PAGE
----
The Maharashtra Medical Council (MMC), a quasi-judicial body with a range of sweeping powers, has set up four committees to expedite hearings after the number of medical negligence cases pending before it crossed 700.
“We have directed each committee to take up 60 cases per week and try to reduce the pendency,” said MMC President Dr S S Utture. A meeting of the executive committee has also been planned on July 21, he said.
The MMC receives over 100 cases of medical negligence every year and there was a need to urgently dispose of these cases, said Council officials. Earlier, the committee used to meet once in two months, to hear cases of medical negligence and take action. But from now, each committee will meet every week, said Utture.
To ensure transparency in the functioning of MMC, members will be given cases from other centres, said executive committee member Dr Dilip Sarda. Citing an example, he said doctors from Vidarbha region will be sent pending cases from western Maharashtra.
“As per our records, we even have old cases dating back to the late 90s. The MMC was defunct from 1998 to 2010, after the Bombay High Court suspended the body due to irregularities in the election of members,” said Utture.
The MMC plays a major role in dealing with cases of medical negligence, since police often do not take immediate cognizance in such cases. The body has the power to issue medical registrations, grant renewals and cancel registrations of doctors for misconduct.
Recently, the Council also issued warnings to 30 doctors, asking them to strictly adhere to the rules laid down in the Pre Conception and Pre Natal Diagnostic Techniques (PC-PNDT) Act.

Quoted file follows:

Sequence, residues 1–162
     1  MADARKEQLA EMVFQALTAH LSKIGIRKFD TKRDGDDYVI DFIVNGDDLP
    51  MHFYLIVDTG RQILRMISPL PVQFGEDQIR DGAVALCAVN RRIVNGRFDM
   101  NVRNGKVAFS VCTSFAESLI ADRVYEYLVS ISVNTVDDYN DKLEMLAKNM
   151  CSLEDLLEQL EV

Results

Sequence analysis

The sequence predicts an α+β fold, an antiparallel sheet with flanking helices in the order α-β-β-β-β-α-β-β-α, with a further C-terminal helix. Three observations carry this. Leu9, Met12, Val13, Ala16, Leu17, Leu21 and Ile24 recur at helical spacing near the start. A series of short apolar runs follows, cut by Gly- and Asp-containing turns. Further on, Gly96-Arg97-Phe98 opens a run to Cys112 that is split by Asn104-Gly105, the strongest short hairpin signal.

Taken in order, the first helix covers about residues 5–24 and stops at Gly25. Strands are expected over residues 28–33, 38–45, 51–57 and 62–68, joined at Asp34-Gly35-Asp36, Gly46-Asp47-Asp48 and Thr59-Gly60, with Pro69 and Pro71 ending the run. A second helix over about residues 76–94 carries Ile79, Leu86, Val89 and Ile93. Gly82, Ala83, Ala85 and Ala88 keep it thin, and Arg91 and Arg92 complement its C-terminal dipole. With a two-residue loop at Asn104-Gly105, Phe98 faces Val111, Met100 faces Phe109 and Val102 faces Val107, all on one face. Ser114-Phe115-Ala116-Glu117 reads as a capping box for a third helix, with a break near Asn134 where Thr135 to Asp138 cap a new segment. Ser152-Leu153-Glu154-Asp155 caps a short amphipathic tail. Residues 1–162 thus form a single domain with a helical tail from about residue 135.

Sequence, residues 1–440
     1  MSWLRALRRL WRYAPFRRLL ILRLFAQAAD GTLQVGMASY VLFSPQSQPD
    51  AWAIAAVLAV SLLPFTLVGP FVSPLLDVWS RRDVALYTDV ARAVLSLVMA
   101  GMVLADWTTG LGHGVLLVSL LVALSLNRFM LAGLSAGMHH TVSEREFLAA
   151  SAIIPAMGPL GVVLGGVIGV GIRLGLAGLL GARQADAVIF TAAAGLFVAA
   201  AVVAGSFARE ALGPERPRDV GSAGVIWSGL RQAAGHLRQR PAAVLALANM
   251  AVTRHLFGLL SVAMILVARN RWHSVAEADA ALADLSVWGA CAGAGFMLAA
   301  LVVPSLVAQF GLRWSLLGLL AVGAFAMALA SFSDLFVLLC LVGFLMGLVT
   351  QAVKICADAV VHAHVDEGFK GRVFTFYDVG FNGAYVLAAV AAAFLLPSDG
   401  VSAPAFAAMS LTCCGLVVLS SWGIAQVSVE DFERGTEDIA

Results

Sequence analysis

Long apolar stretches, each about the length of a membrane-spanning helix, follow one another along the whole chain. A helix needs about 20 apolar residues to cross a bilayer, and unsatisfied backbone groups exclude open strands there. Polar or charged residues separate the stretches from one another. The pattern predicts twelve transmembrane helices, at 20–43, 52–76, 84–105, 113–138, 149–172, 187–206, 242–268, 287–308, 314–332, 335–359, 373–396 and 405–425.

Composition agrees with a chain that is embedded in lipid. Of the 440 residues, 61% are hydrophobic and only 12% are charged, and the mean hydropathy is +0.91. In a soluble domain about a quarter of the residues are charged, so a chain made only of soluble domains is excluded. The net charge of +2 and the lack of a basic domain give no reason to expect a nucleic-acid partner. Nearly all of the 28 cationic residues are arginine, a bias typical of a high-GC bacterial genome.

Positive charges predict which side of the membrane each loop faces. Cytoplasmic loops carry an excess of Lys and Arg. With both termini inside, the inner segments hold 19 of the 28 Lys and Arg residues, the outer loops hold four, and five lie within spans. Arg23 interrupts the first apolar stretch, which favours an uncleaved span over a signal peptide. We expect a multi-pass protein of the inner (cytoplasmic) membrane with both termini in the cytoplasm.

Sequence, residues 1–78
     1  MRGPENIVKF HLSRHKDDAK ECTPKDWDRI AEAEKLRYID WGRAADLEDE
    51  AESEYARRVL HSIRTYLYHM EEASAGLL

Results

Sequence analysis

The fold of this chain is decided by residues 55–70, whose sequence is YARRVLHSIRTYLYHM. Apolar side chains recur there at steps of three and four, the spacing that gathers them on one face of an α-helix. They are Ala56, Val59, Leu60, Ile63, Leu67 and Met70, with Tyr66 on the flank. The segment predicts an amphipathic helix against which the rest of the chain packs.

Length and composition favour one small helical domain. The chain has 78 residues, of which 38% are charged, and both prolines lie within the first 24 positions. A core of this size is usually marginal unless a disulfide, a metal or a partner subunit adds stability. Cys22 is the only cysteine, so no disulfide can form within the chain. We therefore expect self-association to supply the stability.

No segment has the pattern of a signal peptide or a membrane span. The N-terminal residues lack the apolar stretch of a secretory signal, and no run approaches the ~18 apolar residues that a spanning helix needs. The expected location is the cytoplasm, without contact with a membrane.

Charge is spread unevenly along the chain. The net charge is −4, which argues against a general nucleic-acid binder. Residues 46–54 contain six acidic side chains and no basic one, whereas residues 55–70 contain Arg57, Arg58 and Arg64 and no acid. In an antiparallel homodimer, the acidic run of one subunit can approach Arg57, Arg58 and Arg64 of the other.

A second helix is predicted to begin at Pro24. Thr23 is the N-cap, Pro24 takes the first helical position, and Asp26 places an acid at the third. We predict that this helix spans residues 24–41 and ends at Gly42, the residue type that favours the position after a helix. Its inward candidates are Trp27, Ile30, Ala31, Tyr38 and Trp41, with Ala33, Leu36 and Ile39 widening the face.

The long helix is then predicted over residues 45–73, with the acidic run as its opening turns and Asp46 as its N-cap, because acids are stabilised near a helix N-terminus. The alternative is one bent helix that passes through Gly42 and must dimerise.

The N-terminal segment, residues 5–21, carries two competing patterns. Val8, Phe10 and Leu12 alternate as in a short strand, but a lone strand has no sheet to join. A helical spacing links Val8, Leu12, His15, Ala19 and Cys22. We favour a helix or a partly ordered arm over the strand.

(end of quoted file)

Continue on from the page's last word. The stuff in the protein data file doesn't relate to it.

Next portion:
“Thirty-two cases dealt with inconsequential mistakes made by doctors while keeping records of pregnant women, as detailed by the PC-PNDT Act. The state’s appropriate authority, which implements the Act, had referred the matter to the MMC… the Council has issued a warning to 30 doctors to strictly follow the rules,” said MMC
MMC launches online CME portal for doctors
Registered medical practitioners can now opt for online Continuing Medical Education (CME) modules and earn credit points. Each doctor requires a maximum of 30 credit points in five years by attending CME programmes and upgrading their knowledge. Utture said at times, it was physically not possible for a doctor to attend the CME in another city. It was particularly problematic in rural areas, as doctors had to travel for days to reach the destination, and then set aside another two to three days to attend the CME.
Now, medical practitioners can earn their credit points by attending online CMEs. As many as 10 credit points can be earned via online CMEs, said Utture. However, only doctors living outside Maharashtra or out of the country will be allowed to earn the full 30 credit points via online CMEs.